The reproduction number according to disease generations, Rg , starting with the index reproduction number (R0) at generation 0 and according to exposure category (healthcare worker, patients, visitors or family member, and non-clinical staff) for Middle East respiratory syndrome (MERS) and severe acute respiratory syndrome (SARS) outbreaks linked to healthcare settings. Rg denotes the mean number of secondary cases stemming from cases in generation g. The horizontal dashed line at R = 1.0 is shown for reference

Based on the transmission trees, one can identify several early super-spreading events fueling these outbreaks. The MERS outbreak in South Korea was characterized by three such events, the index patient who infected 30 secondary cases, and two patient cases of the second generation who infected 80 and 23 secondary cases each. In the MERS outbreak in Al-Hasa, Saudi Arabia, one patient infected seven other patients in the same hospital. The SARS outbreak in Singapore was associated with six super-spreading events of at least seven secondary cases each, whereas the SARS outbreak in Toronto was characterized by four super-spreading events of at least seven secondary cases each.

Next, we quantified transmission heterogeneity in these nosocomial outbreaks through the dispersion parameter k, which in turn allowed us to predict the size of future outbreaks of MERS (or SARS, should it reappear). By fitting a negative binomial distribution to the number of secondary cases in empirical transmission trees of realized outbreaks, we derived estimates of the mean reproduction number and the dispersion parameter (Table 3). The reproduction number indicates the average number of secondary cases per index case, while the dispersion parameter quantifies the degree of heterogeneity in the distribution of secondary cases. A lower value of k indicates more pronounced heterogeneity. Both MERS and SARS had reproduction numbers close to 1.0 in the hospital setting, although the estimate for MERS had broad confidence intervals, presumably due to smaller sample size. We found the dispersion parameter for MERS to be significantly lower than that for SARS, indicating higher heterogeneity in the distribution of secondary cases for nosocomial MERS outbreaks compared to SARS, and, in turn, a higher probability of super-spreading events of higher magnitude for MERS.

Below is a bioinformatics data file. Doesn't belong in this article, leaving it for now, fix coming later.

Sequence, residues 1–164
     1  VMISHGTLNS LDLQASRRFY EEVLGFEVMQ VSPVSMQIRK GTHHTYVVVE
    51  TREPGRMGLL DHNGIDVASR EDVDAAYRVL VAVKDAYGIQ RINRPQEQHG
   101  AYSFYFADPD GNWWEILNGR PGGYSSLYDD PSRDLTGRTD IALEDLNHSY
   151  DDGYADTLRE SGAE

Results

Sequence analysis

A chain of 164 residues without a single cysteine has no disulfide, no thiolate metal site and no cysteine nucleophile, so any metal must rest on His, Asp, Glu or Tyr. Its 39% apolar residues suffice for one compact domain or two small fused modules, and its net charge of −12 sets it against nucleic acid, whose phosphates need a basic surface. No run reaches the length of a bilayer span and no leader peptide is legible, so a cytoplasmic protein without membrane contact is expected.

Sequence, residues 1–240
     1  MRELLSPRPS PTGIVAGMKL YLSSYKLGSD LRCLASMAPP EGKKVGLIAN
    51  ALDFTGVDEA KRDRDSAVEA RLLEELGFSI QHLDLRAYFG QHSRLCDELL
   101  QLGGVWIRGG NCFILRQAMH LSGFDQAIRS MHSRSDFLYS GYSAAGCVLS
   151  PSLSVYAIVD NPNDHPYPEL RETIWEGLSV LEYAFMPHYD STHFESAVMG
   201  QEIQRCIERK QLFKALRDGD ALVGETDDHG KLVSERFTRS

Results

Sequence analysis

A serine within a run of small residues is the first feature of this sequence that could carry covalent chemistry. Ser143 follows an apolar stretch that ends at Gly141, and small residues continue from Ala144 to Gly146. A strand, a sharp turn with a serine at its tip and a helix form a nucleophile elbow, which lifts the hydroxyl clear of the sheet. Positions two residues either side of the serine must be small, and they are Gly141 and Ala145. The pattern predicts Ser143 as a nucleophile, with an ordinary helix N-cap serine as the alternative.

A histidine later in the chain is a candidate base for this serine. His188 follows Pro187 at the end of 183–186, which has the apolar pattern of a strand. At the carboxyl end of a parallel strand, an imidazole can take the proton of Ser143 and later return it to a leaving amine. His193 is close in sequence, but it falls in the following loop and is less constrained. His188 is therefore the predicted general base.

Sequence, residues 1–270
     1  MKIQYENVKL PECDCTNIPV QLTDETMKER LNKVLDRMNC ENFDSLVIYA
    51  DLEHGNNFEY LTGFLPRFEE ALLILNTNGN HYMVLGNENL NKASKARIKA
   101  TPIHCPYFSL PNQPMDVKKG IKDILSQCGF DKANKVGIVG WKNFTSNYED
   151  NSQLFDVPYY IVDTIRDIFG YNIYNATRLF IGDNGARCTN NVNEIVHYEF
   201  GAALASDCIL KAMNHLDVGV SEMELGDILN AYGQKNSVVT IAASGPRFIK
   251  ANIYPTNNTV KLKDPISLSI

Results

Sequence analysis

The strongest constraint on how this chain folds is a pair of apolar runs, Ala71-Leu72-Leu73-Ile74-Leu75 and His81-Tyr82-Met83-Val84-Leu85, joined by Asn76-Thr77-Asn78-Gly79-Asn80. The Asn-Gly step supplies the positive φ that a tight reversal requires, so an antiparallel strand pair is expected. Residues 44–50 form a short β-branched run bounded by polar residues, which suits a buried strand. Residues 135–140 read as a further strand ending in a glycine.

Table 3

Estimates of the reproduction number and the dispersion parameter k of Middle Eastern respiratory syndrome (MERS) and severe acute respiratory syndrome (SARS) in the hospital

Coronavirus

Mean R (95 % CI)

k (95 % CI)

MERS

0.91 (0.36, 1.44)

0.06 (0.03, 0.09)

SARS

0.95 (0.67, 1.23)

0.20 (0.13, 0.27)

Outbreak simulations for both MERS and SARS showed marked variability in outbreak characteristics, with the distribution of outbreak size, peak size, and outbreak duration following power-laws (Fig. 5). Figure 6 displays the scope of outbreak size and duration for MERS and SARS directly derived from the joint probability distribution of outbreak outcomes. For illustration purposes, the probability of a future outbreak greater than 100 cases is 1.2 % for MERS and 2.3 % for SARS. The higher transmission heterogeneity of MERS manifests itself by a more skewed distribution of outbreak sizes and sharper peaks expected during the largest outbreaks, relative to SARS (Fig. 5).
Fig. 5

Outbreak simulations for (top) Middle Eastern respiratory syndrome (MERS) and (bottom) severe acute respiratory syndrome (SARS) through branching process models using parameters shown in Table 3. Curves are derived from 5,000 outbreak realizations. The distributions of outbreak size, duration, and peak size are well characterized by power-law-like distributions. The cumulative and generation-based incidence curves for the five largest outbreaks are highlighted in red; while smaller outbreaks are displayed in cyan. Right panels illustrate the expected frequency of occurrence of an outbreak of a given size